The identification of academically able underachieving Year 3 children and subsequent systematic observations of their academic lessons.
This study is a classroom observational study in primary schools in one Local Education
Authority in England The study, which was begun in 1990, was concerned to identify the range
and nature of academic classroom behaviours of academically able underachievers, and in
comparison with children of average ability, to identify the effects and implications of those
behaviours for teachers arid classroom management.
The research sample consisted of a total of seven matched Year 3 pupils aged 7-8 years
old drawn from five primary schools. The identification of the more able (the target group) and
their 'normal' counterparts (the control group) was carried out using a small number of objective
tests and triangulated by teacher and pupil perceptions of abilities and relative class positions.
The data was collected by the observation of English and Mathematics lessons for one session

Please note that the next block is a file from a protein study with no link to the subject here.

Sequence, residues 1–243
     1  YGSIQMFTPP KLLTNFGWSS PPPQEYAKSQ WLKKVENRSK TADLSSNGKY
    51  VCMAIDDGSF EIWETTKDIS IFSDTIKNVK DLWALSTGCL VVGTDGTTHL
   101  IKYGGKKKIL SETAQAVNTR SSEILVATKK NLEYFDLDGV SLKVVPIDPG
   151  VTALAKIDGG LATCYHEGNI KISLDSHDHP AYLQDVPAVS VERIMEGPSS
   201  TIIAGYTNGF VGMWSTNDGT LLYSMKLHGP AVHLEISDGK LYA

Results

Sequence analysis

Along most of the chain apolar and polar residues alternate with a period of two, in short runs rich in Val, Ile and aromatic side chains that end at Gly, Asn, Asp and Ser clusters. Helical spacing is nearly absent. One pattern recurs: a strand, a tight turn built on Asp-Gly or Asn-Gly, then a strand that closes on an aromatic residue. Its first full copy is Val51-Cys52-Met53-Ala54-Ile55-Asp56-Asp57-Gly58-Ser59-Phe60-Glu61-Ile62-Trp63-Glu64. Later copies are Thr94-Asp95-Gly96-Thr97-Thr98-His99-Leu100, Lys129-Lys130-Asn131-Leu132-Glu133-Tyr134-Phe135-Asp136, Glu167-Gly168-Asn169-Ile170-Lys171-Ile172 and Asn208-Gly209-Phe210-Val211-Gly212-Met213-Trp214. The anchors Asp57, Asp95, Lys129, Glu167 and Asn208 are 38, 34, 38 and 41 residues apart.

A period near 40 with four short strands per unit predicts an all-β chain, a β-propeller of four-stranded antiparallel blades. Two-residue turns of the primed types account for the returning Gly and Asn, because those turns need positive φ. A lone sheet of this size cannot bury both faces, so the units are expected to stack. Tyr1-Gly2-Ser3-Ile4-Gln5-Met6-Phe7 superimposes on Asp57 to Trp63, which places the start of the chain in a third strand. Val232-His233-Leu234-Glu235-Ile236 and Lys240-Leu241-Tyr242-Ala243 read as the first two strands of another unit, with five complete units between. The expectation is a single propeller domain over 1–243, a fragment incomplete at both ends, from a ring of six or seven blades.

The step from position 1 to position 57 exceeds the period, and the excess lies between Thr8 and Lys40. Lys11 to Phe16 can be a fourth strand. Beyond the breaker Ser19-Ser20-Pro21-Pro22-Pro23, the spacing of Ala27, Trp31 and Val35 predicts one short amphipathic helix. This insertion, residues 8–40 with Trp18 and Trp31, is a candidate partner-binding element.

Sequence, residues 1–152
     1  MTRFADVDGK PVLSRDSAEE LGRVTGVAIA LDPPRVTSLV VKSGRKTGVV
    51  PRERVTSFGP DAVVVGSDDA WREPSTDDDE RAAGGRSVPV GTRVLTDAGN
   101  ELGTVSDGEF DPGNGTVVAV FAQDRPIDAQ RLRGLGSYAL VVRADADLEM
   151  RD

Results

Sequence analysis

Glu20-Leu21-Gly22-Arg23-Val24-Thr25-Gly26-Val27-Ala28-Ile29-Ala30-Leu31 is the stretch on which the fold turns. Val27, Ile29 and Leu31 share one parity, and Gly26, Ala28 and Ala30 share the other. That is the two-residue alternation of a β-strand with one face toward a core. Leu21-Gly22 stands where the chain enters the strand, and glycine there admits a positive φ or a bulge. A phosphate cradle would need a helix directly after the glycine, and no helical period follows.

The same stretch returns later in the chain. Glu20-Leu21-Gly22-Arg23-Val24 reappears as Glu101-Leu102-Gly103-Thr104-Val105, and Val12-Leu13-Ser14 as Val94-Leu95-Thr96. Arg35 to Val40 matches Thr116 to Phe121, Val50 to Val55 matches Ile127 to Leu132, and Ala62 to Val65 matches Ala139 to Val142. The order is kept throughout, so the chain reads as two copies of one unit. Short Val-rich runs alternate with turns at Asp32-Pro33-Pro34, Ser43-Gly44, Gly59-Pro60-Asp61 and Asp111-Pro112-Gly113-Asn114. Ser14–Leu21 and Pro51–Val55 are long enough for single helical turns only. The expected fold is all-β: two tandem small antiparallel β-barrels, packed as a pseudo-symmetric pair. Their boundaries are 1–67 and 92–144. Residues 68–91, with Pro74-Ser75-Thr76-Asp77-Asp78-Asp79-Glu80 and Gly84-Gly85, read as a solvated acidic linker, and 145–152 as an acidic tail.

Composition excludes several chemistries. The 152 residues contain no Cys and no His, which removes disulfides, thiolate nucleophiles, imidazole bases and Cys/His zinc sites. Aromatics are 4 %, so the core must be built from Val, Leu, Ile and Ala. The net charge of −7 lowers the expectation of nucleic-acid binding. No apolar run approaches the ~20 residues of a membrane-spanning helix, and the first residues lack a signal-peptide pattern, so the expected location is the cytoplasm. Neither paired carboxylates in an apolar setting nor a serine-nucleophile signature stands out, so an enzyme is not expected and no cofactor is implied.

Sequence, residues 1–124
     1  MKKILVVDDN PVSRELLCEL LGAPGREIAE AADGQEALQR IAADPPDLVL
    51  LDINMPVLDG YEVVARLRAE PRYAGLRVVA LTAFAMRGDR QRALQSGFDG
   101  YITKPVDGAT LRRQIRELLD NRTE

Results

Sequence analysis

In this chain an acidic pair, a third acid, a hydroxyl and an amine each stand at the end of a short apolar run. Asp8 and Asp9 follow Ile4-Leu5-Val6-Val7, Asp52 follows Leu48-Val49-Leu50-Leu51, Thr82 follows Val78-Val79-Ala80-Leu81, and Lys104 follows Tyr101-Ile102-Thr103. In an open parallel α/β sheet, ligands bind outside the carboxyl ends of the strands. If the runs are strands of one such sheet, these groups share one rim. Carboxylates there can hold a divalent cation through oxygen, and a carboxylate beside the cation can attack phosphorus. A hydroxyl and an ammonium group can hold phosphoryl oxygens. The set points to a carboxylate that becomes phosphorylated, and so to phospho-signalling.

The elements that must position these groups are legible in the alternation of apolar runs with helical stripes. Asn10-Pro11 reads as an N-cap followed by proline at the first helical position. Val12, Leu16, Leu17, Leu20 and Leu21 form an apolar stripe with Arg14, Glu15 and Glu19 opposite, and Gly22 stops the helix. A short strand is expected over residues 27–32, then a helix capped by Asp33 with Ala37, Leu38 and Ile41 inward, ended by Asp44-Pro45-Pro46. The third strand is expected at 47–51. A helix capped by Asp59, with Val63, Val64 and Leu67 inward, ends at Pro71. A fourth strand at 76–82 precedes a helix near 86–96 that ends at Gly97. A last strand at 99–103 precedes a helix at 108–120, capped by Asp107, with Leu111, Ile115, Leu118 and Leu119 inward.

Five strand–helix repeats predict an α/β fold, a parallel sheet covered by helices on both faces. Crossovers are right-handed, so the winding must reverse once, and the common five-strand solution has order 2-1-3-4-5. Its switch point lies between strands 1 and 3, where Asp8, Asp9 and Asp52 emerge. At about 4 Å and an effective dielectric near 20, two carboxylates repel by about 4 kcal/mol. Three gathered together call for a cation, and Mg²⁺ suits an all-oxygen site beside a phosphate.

per Week over a period of one month. A continuous observation schedule was used containing
fOurteen different categories of cl~sroom behaviours.
The research demonstrates that academically able underachievers are undetected in
classrooms; consequently are not given work commensurate with their undetected abilities; are
rarely required to participate in lessons; and who subsequently become bored' in a relatively
unchallenging environment. Even though they were bored they did not disrupt lessons, but
quiet1Yacquiesced to the mores of the peer group. The thesis discusses the implications of these
findings for primary education for academically able children as well as reflecting upon the
findings in the light of subsequent reading and updating of the bibliography.